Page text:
Battery conditioner for 18v DeWalt

Objective:
Looking to buy for or assistance with building a battery conditioner
for an 18v DeWalt sawzall.
Background:
I'm a volunteer fire fighter and on the rescue team of a fire and
rescue department. One item we purchased about two years ago was an
18v DeWalt sawzall and three batteries. We have used this for vehicle
extrications. We rotate the three batteries as 1) in the saw, 2) spare
with the saw and 3) in the charger. Over the past two years, the
sawzall has only been used a few times. At present, the batteries will
only power the saw for about three minutes with no load.
On one hand, we are happy that we have not had a lot of vehicle
extrications. But, this means each battery may go for many months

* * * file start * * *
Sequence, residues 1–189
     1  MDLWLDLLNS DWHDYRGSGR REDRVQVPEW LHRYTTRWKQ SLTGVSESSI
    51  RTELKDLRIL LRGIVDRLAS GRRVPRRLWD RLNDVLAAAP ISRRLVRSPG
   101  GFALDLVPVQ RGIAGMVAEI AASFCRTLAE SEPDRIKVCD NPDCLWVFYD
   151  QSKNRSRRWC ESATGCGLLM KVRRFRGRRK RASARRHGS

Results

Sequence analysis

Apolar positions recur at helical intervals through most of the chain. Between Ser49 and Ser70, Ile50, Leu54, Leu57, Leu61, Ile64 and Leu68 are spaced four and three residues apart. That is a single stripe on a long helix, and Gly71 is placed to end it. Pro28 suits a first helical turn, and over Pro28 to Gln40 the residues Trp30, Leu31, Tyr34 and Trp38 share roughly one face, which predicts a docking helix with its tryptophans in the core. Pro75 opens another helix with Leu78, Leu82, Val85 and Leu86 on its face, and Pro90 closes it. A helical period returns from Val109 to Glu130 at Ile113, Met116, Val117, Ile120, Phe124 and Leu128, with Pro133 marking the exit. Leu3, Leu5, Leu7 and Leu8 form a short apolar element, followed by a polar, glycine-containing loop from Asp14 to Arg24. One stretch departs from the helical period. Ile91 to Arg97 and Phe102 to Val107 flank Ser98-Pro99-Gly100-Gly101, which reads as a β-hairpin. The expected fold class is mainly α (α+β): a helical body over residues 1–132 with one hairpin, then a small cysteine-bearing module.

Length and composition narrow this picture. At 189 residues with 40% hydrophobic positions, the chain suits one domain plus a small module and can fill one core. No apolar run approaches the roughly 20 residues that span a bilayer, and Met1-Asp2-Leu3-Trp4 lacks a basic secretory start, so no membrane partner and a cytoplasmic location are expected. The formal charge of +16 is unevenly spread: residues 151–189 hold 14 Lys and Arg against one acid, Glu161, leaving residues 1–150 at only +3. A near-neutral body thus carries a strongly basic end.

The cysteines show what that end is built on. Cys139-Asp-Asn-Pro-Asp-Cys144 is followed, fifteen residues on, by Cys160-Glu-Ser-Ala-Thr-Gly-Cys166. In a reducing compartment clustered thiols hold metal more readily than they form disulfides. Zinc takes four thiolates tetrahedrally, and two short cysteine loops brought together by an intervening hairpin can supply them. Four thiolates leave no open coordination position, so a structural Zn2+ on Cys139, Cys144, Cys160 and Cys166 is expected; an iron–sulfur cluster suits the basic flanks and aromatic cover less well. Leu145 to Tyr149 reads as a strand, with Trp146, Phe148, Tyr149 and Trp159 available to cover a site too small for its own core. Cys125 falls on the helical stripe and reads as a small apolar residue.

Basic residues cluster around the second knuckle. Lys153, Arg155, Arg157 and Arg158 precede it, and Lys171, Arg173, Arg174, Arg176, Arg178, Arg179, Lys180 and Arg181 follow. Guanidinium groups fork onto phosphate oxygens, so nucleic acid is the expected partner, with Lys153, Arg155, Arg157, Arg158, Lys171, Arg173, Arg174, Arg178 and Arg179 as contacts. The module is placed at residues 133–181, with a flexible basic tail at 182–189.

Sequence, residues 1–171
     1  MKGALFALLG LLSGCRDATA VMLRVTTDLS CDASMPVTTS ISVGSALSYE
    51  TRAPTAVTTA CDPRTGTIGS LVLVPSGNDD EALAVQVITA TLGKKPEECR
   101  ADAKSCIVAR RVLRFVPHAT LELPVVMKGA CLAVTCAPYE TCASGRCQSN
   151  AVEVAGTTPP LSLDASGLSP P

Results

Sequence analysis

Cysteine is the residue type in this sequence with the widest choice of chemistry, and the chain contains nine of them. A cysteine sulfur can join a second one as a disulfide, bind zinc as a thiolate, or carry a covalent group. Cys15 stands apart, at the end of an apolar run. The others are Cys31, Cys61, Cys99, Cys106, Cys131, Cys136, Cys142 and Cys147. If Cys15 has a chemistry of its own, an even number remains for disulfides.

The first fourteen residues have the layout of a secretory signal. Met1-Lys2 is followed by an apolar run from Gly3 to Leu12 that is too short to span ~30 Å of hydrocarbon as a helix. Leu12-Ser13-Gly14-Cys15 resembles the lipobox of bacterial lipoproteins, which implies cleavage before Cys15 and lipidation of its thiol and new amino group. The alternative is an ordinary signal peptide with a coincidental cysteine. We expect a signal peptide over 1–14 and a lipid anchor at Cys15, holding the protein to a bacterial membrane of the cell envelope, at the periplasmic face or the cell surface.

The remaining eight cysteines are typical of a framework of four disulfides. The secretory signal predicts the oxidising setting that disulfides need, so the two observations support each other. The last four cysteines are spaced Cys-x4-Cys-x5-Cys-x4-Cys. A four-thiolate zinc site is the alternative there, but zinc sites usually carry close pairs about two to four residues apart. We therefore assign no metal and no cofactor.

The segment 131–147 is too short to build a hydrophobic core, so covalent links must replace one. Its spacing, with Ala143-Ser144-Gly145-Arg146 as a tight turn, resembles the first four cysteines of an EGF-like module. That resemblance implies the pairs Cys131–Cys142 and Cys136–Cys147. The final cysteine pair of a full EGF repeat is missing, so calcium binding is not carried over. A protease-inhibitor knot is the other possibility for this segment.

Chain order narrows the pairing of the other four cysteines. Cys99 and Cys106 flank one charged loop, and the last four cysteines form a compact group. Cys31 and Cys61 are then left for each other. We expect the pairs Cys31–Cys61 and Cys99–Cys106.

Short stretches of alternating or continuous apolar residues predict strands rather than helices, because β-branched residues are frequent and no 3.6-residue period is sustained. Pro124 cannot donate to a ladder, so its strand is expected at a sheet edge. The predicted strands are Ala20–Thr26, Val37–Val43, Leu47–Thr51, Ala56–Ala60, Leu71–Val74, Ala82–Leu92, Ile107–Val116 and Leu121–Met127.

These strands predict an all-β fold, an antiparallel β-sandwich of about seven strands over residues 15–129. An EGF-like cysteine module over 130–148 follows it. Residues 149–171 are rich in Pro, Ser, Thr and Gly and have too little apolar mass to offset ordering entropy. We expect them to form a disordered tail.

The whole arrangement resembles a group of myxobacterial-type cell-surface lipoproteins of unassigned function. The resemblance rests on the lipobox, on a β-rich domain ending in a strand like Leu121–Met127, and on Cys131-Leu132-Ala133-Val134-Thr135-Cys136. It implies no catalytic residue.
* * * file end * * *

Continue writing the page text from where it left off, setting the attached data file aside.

without any use. We would like to buy/build some sort of battery
conditioner to put a load on the battery before the battery goes into
the charger. We have found some conditioners for 12v systems, but
nothing for an 18v system.
A couple of us non-electronic folks have talked about some sort of
system that uses light bulb(s) to put a load on the battery. Along
with some sort of relay that opens the load circuit when the voltage
drops below some predetermined level. Maybe even including some sort
of resetable timer to measure how much time it to took before the
relay opened up. This may give us some indication of the overall
health of the battery.
Does anyone out there have any sources for an 18v conditioner system
or can someone provide some assistance in building a conditioner